The DMCA and CDA are the Digital Millenium Copyright Act and Communications Decency Act respectively. Each of them govern content on the Internet and have different implications for websites.
CDA is the Communications Decency Act. This act carries a safe harbor provision with broad immunity for websites who are not content providers. This means that as a website – in general – you are not liable for the postings users put on your website. No provider or user of an interactive computer service shall be treated as the publisher or speaker of any information provided by another information content provider.
§230 of the CDA provides broad immunity. It covers: defamation, personal information, breach of privacy, breach of publicity rights, trade secret misappropriation (in 9th circuit at least – but will likely expand to other circuits), and more.
A website becomes a content provider, and liable for the content on the site, when the site starts mechanically steering users into unlawful behaviors. This would include actively facilitating defamatory statements, requiring the posting of copyrighted material, etc. Roommates.com, for example, contained dropdown menus for users to select roommates predicated on race, religion, and sexual orientation with a determined outcome filtering out prospective room mates conflicting with those choices. This violated the Fair Housing Act.
When does a computer service provider become a content provider?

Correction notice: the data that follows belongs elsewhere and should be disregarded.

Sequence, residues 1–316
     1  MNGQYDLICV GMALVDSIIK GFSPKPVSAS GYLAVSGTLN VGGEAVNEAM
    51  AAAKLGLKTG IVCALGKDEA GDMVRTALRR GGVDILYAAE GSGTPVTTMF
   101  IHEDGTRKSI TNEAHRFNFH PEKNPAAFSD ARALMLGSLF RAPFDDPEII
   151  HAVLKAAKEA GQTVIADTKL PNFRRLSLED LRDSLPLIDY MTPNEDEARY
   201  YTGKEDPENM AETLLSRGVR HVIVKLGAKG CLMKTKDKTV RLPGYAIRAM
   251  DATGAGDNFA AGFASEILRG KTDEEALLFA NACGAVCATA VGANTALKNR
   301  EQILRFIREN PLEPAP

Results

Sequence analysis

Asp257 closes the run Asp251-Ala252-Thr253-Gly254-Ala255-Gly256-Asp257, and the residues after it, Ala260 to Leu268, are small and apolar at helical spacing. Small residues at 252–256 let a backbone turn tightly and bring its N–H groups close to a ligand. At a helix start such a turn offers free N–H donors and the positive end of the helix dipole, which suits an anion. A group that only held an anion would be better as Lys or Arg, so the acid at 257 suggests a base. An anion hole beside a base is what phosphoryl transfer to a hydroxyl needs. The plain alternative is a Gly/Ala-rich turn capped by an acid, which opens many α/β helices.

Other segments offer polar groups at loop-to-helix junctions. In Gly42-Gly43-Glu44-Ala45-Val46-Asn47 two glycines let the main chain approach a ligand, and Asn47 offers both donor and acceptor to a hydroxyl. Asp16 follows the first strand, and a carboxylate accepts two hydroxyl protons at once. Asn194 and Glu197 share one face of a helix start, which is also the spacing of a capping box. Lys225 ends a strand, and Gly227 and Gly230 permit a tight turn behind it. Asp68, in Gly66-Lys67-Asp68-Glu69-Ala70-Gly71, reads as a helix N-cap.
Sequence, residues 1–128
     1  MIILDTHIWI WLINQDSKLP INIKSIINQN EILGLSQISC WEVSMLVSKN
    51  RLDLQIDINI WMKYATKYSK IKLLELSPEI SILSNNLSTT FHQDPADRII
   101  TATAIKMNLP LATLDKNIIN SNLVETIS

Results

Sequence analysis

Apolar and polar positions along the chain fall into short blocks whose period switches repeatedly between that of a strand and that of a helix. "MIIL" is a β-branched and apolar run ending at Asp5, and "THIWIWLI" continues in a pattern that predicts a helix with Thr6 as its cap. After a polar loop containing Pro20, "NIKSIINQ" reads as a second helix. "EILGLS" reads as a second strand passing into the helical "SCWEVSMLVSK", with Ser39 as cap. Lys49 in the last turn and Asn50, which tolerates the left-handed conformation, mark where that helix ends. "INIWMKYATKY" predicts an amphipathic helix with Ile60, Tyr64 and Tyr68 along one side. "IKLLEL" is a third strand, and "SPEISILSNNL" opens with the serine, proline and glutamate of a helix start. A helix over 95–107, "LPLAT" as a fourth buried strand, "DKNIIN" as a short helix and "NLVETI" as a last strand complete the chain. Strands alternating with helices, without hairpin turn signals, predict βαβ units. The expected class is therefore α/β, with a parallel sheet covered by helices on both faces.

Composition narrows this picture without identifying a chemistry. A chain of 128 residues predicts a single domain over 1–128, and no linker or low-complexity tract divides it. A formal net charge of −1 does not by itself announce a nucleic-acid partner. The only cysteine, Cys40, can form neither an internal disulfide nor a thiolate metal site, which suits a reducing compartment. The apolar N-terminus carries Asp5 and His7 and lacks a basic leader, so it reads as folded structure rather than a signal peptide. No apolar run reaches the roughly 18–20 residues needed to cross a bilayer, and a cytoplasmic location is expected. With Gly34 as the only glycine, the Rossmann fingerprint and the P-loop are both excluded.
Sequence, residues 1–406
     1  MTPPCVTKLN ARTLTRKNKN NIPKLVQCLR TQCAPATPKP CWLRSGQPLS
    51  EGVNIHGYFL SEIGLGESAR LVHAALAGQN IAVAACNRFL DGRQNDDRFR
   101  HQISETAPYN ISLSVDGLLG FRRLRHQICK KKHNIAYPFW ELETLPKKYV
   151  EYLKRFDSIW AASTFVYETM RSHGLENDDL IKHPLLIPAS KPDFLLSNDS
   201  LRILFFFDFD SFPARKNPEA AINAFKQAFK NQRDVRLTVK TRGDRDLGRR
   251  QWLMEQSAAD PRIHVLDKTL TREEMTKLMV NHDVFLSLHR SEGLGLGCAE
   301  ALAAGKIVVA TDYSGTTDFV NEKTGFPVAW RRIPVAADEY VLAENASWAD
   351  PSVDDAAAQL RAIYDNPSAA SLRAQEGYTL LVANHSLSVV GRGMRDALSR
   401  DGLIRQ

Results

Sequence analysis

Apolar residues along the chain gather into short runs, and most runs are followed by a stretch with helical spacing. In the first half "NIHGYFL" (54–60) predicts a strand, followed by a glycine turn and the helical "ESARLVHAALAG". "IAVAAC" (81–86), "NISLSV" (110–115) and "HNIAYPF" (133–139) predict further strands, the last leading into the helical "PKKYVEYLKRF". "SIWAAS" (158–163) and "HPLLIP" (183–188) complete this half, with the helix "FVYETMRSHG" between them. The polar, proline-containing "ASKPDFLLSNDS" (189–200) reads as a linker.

- When it requires (not just steers) users into inputting necessarily (not just potentially) illegal content that can only be used for illegal purposes (Roommates and cases construing it).
- When it or its agents posts content
- When it assigns badges based on its subjective judgment rather than by aggregating crowd-sourced opinions.
CDA Compliance Tips
- Include a statement in ToS that prohibits users from using the site for unlawful purposes or violating laws – this is already done for you.
- Closely monitor what administrators and agents and moderators are doing
- Feel free to screen and select content prior to publication
- Feel free to solicit and encourage others to submit lawful content.
Section 512 of the Online Copyright Infringement Liability Limitation Act provides broad immunity for websites hosting material uploaded by users. The safe harbor provision requires website 1) not receive a financial benefit directly attributable to the infringing activity, 2) not be aware of the infringing material or know any facts or circumstances that would make infringing material apparent, and 3) upon receiving notice from copyright owners or their agents, act expeditiously to remove the infringing material.
This simply means that if a user uploads or posts infringing material to a website without the site owner’s knowledge, if they remove the material after receiving a DMCA take down letter they have safe harbor.
There is also limited liability for some activities associated with non-profits, but this is only for educational institutions.
A website cannot host content itself. However, posting a YouTube video of a news item would be cogent with the DMCA because placing an embedded video on the site is not the same as hosting the video. The DMCA take down letter would go to the actual host, like YouTube.
Consult with an attorney to discuss the best course of action for maintaining CDA and DCMA safeharbor. These tips are far from comprehensive. Anyone doing business online should maintain a process for dealing with DMCA complaints and maintaining their CDA immunity.